Woods awards 2 STEM schools

State School Su­per­in­ten­dent Richard Woods holds award cer­e­monies for North Heights and Cave Spring schools for earn­ing STEM cer­ti­fi­ca­tion, and rec­og­nizes Elm Street as a Fam­ily-Friendly Part­ner­ship School.

Rome News-Tribune - - FRONT PAGE - By Spencer Lahr Staff Writer SLahr@RN-T.com

State School Su­per­in­ten­dent Richard Woods vis­ited North Heights and Cave Spring el­e­men­tary schools on Wed­nes­day to rec­og­nize their achieve­ments in earn­ing STEM — science, tech­nol­ogy, en­gi­neer­ing and math­e­mat­ics — cer­ti­fi­ca­tion back in May.

The schools also re­ceived their STEM-cer­ti­fied ban­ners dur­ing award cer­e­monies in­volv­ing stu­dents, teach­ers, ad­min­is­tra­tors and community part­ners. In be­tween his pre­sen­ta­tions at the two schools, Woods went to Elm Street El­e­men­tary to com­mend them for be­ing a 2017 Fam­ily-Friendly Part­ner­ship School Award win­ner.

North Heights El­e­men­tary be­came a STEM-cer­ti­fied school on May 3, mak­ing them the sec­ond in the Rome City school sys­tem and the 49th in the state to do so. On May 13, Cave Spring El­e­men­tary be­came the first school in the Floyd County sys­tem and the 53rd in the state to earn its cer­ti­fi­ca­tion. Their statewide rank­ings are out of all schools, from el­e­men­tary to high school.

With about 2,300 schools statewide, Woods em­pha­sized the sig­nif­i­cance of both schools’ ac­com­plish­ments, say­ing they are in elite com­pany. STEM ed­u­ca­tion fo­cuses on blend­ing the cur­ricu­lum of the four fields to im­prove stu­dents’ prob­lem-solv­ing abil­i­ties and stim­u­late cre­ativ­ity and dis­cov­ery.

The morn­ing cer­e­mony in the cafe­te­ria at North Heights El­e­men­tary in­cluded the show­ing of a video that doc­u­mented the four- years of STEMori­ented projects.

Clus­ters of stu­dents seated on the floor re­sponded with laughs or sounds of as­ton­ish­ment as they saw them­selves or their class­mates ap­pear on the screen, ex­plain­ing what STEM meant to them or work­ing on a com­puter or mak­ing card­board de­signs.

Woods said that he was im­pressed by the school plac­ing im­por­tance on agri­cul­ture and en­vi­ron­men­tal science, in­clud­ing grow­ing food in its gar­den, in its STEM ed­u­ca­tion de­spite be­ing a city school.

“You have to work at it and earn it,” he said. “This is not the end of your story; it’s just the close of a chap­ter.”

Later in the day, Cave Spring El­e­men­tary Prin­ci­pal Trina Self told the au­di­ence in the school’s au­di­to­rium that “it’s been a long three- year jour­ney” to get to this point. Amongst the kids seated be­fore her were those who will go on to cure can­cer, in­crease the food sup­ply and solve global warm­ing, she said.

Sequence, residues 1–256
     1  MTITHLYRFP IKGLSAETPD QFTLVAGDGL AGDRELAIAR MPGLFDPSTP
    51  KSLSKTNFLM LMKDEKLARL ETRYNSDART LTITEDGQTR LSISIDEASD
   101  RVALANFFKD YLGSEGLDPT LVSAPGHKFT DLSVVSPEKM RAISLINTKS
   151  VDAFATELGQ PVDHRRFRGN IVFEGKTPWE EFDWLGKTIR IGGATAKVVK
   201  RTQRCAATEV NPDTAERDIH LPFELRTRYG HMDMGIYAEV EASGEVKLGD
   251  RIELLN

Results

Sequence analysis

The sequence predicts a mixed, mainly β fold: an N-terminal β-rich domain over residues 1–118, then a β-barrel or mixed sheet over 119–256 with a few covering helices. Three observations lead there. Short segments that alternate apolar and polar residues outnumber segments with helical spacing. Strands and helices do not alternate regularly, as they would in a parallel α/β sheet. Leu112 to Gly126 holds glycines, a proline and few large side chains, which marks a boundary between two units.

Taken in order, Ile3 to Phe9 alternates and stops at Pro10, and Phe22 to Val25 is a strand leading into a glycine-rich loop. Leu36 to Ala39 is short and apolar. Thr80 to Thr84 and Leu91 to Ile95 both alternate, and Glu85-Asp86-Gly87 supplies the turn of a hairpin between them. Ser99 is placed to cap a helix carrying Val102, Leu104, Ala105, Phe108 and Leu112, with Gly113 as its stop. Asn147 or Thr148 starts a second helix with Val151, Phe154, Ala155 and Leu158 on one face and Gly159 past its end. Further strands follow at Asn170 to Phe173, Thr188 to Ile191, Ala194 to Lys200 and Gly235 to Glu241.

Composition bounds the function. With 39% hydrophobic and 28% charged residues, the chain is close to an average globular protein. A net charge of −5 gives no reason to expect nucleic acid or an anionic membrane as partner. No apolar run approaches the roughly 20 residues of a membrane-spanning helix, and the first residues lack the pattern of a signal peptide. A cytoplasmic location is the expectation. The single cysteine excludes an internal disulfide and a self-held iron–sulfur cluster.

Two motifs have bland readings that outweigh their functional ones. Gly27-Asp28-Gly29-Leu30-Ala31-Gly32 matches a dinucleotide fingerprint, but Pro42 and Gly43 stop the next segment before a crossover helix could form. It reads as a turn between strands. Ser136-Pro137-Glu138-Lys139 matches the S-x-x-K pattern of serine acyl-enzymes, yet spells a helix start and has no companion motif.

Fifth- grader Ni­co­las Deaton then took to the podium to de­scribe his best STEM day, a trip to the Floyd County Schools Col­lege and Ca­reer Academy, where he pro­grammed lights and played tic- tac- toe with a ro­bot. But be­fore he stepped down, he shared a joke.

Be­fore be­com­ing a STEM school, stu­dents might an­swer “air” when asked what do they all need but aren’t able to see, Deaton said. Now they might say “Wi- Fi,” he said.

“This does not hap­pen un­less you buy in,” said Woods. “Now you have opened your door for a broader reach.”

Woods told stu­dents at both schools they are in a good spot for se­cur­ing their fu­ture, as by the time they grad­u­ate, most jobs in Ge­or­gia will be re­lated to STEM.

Elm Street Prin­ci­pal JoAnn Moss ac­cepted a plaque from Woods in the school’s gym Wed­nes­day morn­ing, and a wel­come mat with the award’s name on it was rolled out. The school was one of five in the state to be rec­og­nized as a Fam­ily-Friendly Part­ner­ship School that cre­ates a wel­com­ing en­vi­ron­ment for all who en­ter and es­tab­lishes co­op­er­a­tive re­la­tion­ships with fam­i­lies and community mem­bers.

A school com­mit­tee had to de­fine and ex­plain the fam­ily en­gage­ment ini-

tia­tives Elm Street does in an ap­pli­ca­tion to the Ge­or­gia Depart­ment of

Ed­u­ca­tion Par­ent En­gage­ment Pro­gram. Woods said mem­bers of the re­view team posed as par­ents and vis­ited the school to con­firm they were the real deal be­yond what was put on pa­per.

“You cer­tainly do ed­u­ca­tion right,” he said.

Stu­dents need to know their community ex­tends be­yond their school and they are a part of it, Moss said. Some of the school’s community work in­cludes pro­vid­ing six months worth of food to the Community Kitchen with fund­ing help and build­ing a tiny house that even­tu­ally be­came part of a larger home for a home­less vet­eran.

Spencer Lahr / Rome News-Tri­bune

State School Su­per­in­ten­dent Richard Woods (cen­ter) holds up a ban­ner rec­og­niz­ing Cave Spring El­e­men­tary School as a STEM-cer­ti­fied school with fifth-graders Ni­co­las Deaton (right) and and Cort­ney Sel­lears.

Spencer Lahr / Rome News-Tri­bune

State School Su­per­in­ten­dent Richard Woods (stand­ing, from left), North Heights El­e­men­tary School Prin­ci­pal Tonya Wood, Rome City Schools Su­per­in­ten­dent Lou Byars, along with stu­dents Adela Cabr­era (kneel­ing, from left), Bai­ley Booth, La­maria Studyvent, Sain Aguado, Ta­lynn Peek and Bai­ley Shooks pose with a ban­ner rec­og­niz­ing North Heights for be­com­ing STEM cer­ti­fied.

Spencer Lahr / Rome News-Tri­bune

State School Su­per­in­ten­dent Richard Woods un­veils a floor mat with the help of Elm Street El­e­men­tary School six­th­graders Corey Gard­high (left) and Ja­mar Chat­man (right) while Prin­ci­pal JoAnn Moss watches dur­ing a cer­e­mony in the gym.

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